Sending humans back to the moon won't require a big Apollo-style budget boost, NASA Administrator Jim Bridenstine said. During the height of the Apollo program in the mid-1960s, NASA gobbled up about 4.5 percent of the federal budget. This massive influx of resources helped the space agency make good on President John F.
Evidence for Planet Nine continues to mount, but there may be a good reason why scientists have yet to find it - it may be hiding. In October 2017, NASA released a statement saying that Planet Nine may be 20 times further from the Sun than Neptune is, going so far as to say "it is now harder to imagine our solar system without a Planet Nine than with one."
Even though space is vast and there is more than enough room to maneuver a spacecraft, there are other parameters that require a lot of attention. First of all, there aren’t enough reference points that astronauts or rovers can use to navigate their way around space. Then there are different forces present in space that can influence the spacecraft's trajectory.
Sixty years after NASA was formed, countries around the world have joined the space race, with an eye to putting a person on Mars. But experts say the future of space activity may rest with private corporations that are building their own products, launching commercial satellites and even exploring small missions. In spite of interplanetary probes like New Horizons, which have reached past Pluto, and successful robotic explorations of Mars, some scientists say progress isn't coming quickly enough.
NASA hasn't sent a robot designed to identify traces of life on Mars since the Viking missions in the 1970s. But with the soonest possible human Mars mission still a decade and a half away, is there any hope that robots could pinpoint ancient Martian life before humans get there?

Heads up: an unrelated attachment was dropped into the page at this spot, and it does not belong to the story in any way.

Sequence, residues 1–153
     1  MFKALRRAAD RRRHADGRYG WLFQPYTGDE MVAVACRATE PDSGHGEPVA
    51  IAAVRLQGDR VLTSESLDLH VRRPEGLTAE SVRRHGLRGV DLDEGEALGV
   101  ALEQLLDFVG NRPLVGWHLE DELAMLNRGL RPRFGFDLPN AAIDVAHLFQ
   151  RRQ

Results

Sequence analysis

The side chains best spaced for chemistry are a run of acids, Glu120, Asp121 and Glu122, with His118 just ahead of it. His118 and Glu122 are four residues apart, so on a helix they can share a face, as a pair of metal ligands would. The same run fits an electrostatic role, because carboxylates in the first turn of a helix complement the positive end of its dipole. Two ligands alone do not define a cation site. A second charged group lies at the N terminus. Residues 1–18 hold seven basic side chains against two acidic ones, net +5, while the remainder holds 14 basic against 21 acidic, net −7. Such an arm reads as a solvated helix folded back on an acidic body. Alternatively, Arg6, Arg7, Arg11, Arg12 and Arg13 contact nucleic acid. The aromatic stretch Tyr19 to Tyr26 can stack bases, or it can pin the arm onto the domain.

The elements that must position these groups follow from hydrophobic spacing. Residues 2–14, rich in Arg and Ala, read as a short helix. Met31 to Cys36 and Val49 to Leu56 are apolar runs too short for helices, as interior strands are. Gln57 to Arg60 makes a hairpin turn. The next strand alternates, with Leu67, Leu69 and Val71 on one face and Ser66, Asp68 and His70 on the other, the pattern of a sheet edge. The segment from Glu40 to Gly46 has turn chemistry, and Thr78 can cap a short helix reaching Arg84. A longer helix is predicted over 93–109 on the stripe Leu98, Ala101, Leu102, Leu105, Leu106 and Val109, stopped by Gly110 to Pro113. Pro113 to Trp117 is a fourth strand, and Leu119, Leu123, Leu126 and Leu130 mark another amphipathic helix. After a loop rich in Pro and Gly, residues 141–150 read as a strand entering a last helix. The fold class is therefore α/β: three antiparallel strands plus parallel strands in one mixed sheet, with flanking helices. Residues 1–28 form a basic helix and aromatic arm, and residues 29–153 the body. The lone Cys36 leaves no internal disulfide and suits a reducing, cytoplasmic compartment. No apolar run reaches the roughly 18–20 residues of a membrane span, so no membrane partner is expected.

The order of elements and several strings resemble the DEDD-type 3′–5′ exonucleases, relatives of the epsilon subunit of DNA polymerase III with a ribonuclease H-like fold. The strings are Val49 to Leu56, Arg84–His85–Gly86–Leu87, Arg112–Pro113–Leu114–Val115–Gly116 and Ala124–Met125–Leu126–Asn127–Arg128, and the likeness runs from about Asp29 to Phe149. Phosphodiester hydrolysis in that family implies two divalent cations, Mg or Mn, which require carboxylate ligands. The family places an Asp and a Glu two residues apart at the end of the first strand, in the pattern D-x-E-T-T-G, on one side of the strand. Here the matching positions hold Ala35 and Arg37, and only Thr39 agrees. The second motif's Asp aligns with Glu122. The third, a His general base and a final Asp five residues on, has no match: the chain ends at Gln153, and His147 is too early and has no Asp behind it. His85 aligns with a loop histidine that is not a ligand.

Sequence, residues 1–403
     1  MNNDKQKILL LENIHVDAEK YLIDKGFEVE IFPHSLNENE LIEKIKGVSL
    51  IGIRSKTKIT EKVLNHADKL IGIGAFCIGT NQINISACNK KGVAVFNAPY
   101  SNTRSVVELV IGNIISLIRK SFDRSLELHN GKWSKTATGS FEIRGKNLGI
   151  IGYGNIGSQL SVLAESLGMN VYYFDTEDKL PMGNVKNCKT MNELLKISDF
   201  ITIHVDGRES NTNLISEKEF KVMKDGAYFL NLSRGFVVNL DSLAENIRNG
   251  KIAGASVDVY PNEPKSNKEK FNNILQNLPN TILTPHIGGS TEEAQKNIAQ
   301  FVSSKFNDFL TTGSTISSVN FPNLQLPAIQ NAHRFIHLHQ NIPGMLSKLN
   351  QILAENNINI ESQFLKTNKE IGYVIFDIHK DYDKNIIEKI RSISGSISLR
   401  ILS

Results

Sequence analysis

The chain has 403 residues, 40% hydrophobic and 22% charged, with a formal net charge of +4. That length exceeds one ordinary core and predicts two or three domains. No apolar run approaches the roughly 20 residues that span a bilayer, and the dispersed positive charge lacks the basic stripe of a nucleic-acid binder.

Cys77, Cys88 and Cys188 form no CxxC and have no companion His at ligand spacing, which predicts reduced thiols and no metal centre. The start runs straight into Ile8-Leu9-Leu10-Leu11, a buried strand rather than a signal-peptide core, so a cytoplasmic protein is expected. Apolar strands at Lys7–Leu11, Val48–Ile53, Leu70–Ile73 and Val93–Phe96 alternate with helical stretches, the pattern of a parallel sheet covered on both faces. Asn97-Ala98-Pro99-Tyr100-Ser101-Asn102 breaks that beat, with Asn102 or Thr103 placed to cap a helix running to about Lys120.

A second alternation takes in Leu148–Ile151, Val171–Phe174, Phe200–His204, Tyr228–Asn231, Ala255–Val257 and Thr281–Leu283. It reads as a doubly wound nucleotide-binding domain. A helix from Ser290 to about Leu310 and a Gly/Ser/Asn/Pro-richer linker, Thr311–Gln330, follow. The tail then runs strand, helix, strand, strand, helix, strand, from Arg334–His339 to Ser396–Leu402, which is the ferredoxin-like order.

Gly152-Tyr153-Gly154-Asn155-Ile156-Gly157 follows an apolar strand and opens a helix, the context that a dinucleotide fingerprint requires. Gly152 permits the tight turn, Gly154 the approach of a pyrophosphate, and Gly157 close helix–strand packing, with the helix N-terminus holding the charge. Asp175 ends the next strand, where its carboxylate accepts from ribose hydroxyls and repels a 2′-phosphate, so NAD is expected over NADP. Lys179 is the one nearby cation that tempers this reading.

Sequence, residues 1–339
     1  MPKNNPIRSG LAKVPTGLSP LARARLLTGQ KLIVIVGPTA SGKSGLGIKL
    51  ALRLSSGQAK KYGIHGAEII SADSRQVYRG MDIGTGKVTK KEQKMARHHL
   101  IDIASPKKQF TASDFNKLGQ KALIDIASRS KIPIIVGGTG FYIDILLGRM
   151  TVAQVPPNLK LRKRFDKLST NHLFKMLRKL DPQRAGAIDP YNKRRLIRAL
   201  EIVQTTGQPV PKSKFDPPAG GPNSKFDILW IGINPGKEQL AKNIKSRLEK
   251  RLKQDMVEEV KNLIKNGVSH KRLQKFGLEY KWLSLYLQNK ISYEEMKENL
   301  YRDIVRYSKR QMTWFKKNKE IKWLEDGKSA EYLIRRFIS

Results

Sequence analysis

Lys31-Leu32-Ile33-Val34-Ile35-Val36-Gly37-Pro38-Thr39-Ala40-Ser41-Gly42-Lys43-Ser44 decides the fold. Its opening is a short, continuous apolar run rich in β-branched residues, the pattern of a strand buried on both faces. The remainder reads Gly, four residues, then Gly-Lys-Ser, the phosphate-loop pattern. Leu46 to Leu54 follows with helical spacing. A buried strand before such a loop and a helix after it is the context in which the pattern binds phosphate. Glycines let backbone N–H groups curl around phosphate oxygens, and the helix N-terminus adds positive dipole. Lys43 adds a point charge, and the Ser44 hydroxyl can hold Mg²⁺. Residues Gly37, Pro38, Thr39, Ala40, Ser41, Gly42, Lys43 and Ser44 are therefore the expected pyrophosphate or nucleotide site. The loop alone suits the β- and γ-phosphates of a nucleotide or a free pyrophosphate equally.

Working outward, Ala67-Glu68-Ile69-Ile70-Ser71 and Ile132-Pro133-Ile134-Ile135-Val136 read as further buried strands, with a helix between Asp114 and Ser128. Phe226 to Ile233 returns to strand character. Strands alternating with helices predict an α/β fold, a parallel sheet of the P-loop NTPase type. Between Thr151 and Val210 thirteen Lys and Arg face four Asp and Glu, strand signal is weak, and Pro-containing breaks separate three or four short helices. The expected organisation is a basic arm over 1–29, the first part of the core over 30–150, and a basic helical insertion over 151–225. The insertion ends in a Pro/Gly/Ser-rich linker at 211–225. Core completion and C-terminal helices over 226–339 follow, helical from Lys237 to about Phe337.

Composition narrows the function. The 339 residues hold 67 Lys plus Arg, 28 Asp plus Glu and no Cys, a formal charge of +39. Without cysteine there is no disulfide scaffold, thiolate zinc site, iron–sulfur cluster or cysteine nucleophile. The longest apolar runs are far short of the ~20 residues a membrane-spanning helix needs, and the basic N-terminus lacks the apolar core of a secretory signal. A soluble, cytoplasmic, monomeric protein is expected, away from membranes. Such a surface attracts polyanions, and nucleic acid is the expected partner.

Future human exploration and habitation on the moon rely on the presence of water hiding out in shadowy craters on the lunar surface. Past missions have provided good evidence that there’s water ice in there, but now we have absolute confirmation that ice exists on the surface thanks to India’s Chandrayaan-1 spacecraft. Technically, we had the evidence almost a decade ago and no one noticed until now.
Daisies who pursue the Space Science Explorer badge will observe the sun, moon and sky, while Brownies tackling the Space Science Adventurer badge will delve into the planets, moon phases and constellations. Juniors, aka Space Science Investigators, will explore the celestial motion, the dimensions of constellations, and the size and scale of the solar system.
NASA’s Opportunity rover has been rolling around the surface of the red planet for an amazing 14 years. The rover’s expected operational life was a mere 90 sols (about three Earth months), but it just kept on going. It’s looking increasingly likely that the planet’s global dust storm has ended the improbable run of Opportunity. As the storm begins to clear, there’s still no signal from the rover.
The midterm assessment of the 2011 planetary science decadal survey, prepared by a National Academies committee and published Aug. 7, found that NASA was able to make progress on both flagship and smaller missions recommended by the survey even with funding cuts in the early years of the decade.
It was a crazy idea on the face of it -- sending a $2.5 billion robot to another planet with a complex rocket sled contraption to get it safely to the surface. It worked, though, and Curiosity began its exploration of the red planet six years ago. As the rover begins its seventh year on Mars, let’s look at how it got there and where it’s going.